Naturalization Issue Exposes Hypocrisy

The Mexican Primera is a thriving League. The level of competition is good, there are a lot of good players, and there is a lot of money. A lot of money. So much money that Mexico routinely attracts some of the top South American talent, who see the league as a proving ground before a possible trip to Europe.

We have talked about this before, but its not just the Paraguayan player who has found a pot of gold in Mexico. National team players from Chile, Uruguay, Colombia, Ecuador, Venezuela, Argentina, and even Italy (yes, Italy -- Believe it or not Mauro Camoranesi played for Cruz Azul) have suited up for a Mexican team. They usually get paid more than the locals, and teams are allowed to have 5 foreigners not just on the squad, but on the field at the same time. Foreigners have it good in Mexico. Is it any real surprise then that some of the foreigners would then end up on Mexico's National Team once they have become Mexican Citizens?

Using naturalized players is nothing new to Mexico, much less international footie. Mexico has been calling up naturalized players since the 30s. In the last world cup, more than a dozen teams had naturalized players on their squad. So why do the Mexican media, the Mexican fans and even some Mexican players get their chones in a tangle when naturalized players are called up to the team? SGE recently called 4 for a minicamp and friendly with Sweden. Mathias Vuoso, Sinha, Leandro Augusto, and Lucas Ayala. Ericksson pays no mind to the issue. He sees players who are eligible and calls them up.

The common theme in the offending argument is that Mexican nationals should be given the first look. "We need to give Mexican players the opportunity" is what Memo Ochoa said this week; a sentiment that has been echoed repeatedly by other players. Some team executives have even gone as far as to propose a cap to the FMF.

The opposition rebuts with the fact that they are Mexican, they have the same rights as every other Mexican player, and if they are eligible to play with the national team, then why not. Cuauhtémoc Blanco rebuts "if a naturalized player is better than a national, then come on down." I couldn't have said it better myself.

But the issue is more than just expressing some form of nationalistic faux outrage. It airs out Mexico's dirty laundry in full view. Naturalized players are a more viable option because the Mexican player is not being developed as much as it should. Mexico's season consists of two short tournaments, and the pressure to win is very palpable. If a team loses 2-3 times in a row, then the noose around the coach's neck tightens up. One more loss, and it's adios. So the coaches would much rather rely on proven talent, more often then not, proven foreign talent than taking a chance on a green youngster. In most cases, those foreigners line up in key positions. Moreover, Mexico's youth movement is not a league wide effort at all. Most teams youth systems are on life support, and the income generated by the league hardly ever is invested in the future. But it is used to by the next big foreign contract, or just kept for profit.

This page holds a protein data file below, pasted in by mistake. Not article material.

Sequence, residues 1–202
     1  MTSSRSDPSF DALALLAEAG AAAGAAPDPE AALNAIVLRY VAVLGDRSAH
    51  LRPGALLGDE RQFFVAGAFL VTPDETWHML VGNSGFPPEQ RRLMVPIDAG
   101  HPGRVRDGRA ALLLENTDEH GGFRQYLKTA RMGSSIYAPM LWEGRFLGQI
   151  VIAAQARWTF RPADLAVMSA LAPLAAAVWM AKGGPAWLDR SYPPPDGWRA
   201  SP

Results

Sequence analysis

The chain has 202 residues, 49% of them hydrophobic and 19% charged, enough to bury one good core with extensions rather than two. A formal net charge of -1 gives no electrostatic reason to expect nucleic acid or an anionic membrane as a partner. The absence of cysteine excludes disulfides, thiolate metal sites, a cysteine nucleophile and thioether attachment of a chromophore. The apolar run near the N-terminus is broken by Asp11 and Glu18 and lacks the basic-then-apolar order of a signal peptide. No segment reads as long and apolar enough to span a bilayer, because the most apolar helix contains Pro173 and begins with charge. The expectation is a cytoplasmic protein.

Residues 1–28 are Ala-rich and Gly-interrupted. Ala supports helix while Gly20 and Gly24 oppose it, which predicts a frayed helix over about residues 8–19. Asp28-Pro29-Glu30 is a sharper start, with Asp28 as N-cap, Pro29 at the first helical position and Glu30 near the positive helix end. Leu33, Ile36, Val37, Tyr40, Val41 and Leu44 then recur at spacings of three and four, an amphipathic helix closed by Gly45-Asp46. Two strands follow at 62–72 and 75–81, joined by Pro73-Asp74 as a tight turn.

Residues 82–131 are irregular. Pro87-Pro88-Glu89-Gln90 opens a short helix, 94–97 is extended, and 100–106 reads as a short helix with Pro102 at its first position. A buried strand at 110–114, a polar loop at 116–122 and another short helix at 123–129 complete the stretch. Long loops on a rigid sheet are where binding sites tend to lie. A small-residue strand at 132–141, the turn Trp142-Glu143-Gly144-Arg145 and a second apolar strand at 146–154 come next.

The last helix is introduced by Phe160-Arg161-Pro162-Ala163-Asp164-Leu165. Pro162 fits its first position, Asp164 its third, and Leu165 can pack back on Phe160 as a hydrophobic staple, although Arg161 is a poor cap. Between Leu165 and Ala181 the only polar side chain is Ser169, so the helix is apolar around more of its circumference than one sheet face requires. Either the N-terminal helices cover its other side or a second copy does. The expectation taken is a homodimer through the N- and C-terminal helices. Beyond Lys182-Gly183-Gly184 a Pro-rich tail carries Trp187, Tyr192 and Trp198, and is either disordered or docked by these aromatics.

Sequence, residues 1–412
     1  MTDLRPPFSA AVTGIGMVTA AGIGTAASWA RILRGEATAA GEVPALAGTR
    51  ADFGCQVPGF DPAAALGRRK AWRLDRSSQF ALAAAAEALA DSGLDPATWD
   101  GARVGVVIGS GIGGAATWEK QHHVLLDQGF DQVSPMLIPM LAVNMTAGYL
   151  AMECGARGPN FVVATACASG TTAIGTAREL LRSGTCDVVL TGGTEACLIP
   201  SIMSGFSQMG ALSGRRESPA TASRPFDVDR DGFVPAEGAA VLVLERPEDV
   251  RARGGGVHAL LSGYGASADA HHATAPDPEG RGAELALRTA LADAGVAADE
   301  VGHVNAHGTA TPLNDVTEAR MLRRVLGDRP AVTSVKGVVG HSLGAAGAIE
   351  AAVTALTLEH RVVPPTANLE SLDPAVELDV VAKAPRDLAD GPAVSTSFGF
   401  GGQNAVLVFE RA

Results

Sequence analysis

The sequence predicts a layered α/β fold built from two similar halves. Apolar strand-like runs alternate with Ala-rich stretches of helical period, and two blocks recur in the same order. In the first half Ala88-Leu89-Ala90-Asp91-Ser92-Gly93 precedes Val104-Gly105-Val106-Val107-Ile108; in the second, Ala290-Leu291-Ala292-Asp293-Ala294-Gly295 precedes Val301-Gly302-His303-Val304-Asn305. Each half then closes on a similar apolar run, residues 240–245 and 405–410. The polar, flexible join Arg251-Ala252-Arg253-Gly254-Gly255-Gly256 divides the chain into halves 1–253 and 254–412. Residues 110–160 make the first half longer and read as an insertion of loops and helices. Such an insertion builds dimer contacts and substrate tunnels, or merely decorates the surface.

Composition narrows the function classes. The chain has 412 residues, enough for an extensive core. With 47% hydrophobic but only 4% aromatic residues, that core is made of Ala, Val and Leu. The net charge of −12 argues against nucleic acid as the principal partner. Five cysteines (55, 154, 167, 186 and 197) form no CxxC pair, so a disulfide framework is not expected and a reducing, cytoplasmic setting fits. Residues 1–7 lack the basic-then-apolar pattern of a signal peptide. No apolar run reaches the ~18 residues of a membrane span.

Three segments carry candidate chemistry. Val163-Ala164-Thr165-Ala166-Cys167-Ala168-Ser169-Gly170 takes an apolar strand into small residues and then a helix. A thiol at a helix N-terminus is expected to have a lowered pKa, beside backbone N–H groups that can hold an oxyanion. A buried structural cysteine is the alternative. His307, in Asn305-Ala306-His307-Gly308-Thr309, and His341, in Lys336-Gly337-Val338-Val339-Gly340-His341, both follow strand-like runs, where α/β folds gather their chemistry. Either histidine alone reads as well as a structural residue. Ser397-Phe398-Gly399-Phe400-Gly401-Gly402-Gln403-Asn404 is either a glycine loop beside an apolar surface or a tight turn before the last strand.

Pavel Pardo, who recently returned from a successful stint at Stuttgart to finish his career with America, had this to say about the issue "It's time to open our eyes and see the bigger picture. We need to work more to improve our youth systems. Other national teams have improved because they have implemented a long-term project. That is what Mexico has to do. It is an issue that we have to handle intelligently."

That is not to say, however, that Mexico's youth movement is moribund. They did win the U17 world cup in very convincing fashion. Most of the stars of that squad are playing professionally, and a few have made it over to Europe. The FMF responded to the success with little more than lip service: their famous 20/11 rule mandating a minimum number of minutes played by under 21 players per team. It doesn’t even force teams to play one kid the whole season. Martin del Palacio recently wrote about 10 kids to watch. What I found a little alarming about this article is the fact that none of the players he listed are Pumas, which has historically been the youth system that has produced Mexico's best players.

Mexican teams have relied on foreigners for years. Meanwhile, the Mexican player has been overlooked, justly or unjustly, for some spots on the national team. But I do find it interesting that the same people who would gladly sign a 2nd division South American instead of playing a young local, the teams whose youth systems are a joke, the suits who would rather make a big money signing to market their team instead of investing in the future are usually the ones who are the most critical of using naturalized players. If it were up to me, I could limit the amount of foreigners, but I do think a better solution would be to field an under 21 for every foreigner. So your team can have its 5 foreigners on the field. You just have to play 5 youngsters with them.